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The Condor is a supercomputer that is comprised of a massive collection of Sony PlayStation 3 (PS3) consoles.
When the PS3 console launched in 2006, a lot of attention was paid to its OtherOS feature which let a user install an alternative operating system on the console.
Considering the console has a very high-performance Cell processor at its heart, this feature added a new dimension to the device which was selling originally for a hefty $600 a pop.
Richard W. Linderman, then senior scientist at Rome's Air Force research lab, took a PS3 home and decided to check its OtherOS features out. Impressed, he told his team to connect eight consoles together and see what kind of performance they could pull from eight connected PS3. This eventually led to another test, with 336 consoles this time.
The group secured a $2.5 million budget from the Department of Defense to put together a supercomputer made completely out of PS3 consoles. They were literally bought from the shelf, 1,716 consoles in total.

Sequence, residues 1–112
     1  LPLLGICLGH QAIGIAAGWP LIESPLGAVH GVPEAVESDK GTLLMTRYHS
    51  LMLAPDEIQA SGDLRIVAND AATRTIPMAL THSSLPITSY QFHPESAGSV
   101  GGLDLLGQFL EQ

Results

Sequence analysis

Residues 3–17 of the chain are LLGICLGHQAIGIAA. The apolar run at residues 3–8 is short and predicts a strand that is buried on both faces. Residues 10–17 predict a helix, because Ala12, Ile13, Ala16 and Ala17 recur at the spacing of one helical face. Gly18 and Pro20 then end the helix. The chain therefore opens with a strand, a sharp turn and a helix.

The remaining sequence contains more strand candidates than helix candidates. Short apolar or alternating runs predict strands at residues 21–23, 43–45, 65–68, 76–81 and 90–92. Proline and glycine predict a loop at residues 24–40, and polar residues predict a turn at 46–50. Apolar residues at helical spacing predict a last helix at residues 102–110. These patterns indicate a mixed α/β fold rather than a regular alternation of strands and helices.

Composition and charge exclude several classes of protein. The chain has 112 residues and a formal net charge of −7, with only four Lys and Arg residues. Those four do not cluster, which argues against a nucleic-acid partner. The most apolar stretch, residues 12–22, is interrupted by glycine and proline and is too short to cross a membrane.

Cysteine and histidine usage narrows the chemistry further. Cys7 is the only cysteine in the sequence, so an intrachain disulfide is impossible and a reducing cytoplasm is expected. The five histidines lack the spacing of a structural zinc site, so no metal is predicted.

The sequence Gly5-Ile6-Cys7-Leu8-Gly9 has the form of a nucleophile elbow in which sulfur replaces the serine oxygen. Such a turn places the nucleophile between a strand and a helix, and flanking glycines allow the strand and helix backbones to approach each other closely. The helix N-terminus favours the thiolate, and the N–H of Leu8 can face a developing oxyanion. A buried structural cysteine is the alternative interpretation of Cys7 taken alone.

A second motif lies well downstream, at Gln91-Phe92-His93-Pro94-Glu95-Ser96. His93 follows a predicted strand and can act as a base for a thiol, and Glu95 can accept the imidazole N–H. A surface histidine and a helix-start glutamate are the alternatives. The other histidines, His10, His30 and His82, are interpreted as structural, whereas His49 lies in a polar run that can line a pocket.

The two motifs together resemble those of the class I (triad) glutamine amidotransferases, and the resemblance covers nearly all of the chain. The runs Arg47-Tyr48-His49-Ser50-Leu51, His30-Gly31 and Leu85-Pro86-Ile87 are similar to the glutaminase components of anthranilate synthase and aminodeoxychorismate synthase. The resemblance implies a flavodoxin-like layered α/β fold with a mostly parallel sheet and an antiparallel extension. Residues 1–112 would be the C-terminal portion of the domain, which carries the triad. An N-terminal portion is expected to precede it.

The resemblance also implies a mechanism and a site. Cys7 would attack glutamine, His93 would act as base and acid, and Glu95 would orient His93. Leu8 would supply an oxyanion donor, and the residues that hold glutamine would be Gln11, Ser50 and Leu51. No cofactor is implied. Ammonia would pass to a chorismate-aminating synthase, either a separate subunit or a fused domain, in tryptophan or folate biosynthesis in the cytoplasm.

Mark Barnell, director of high-performance computing at the Rome research lab, has commented that if it weren't made from PS3s, an equivalent system built would cost at least 10 times the amount that was paid for it.
The system was developed for use with the Air Force, and is capable of monitoring an area of approximately 15 kilometers, 24 hours a day, in staggering detail. It can process ground-based photos of objects in space in high detail.
One such example were pictures of the space shuttle as it flew overhead at 5 miles per second. The Condor system processed images so clear, details that previously couldn't be made out were shown.
Condor can also scan 20 pages of text per second in any language.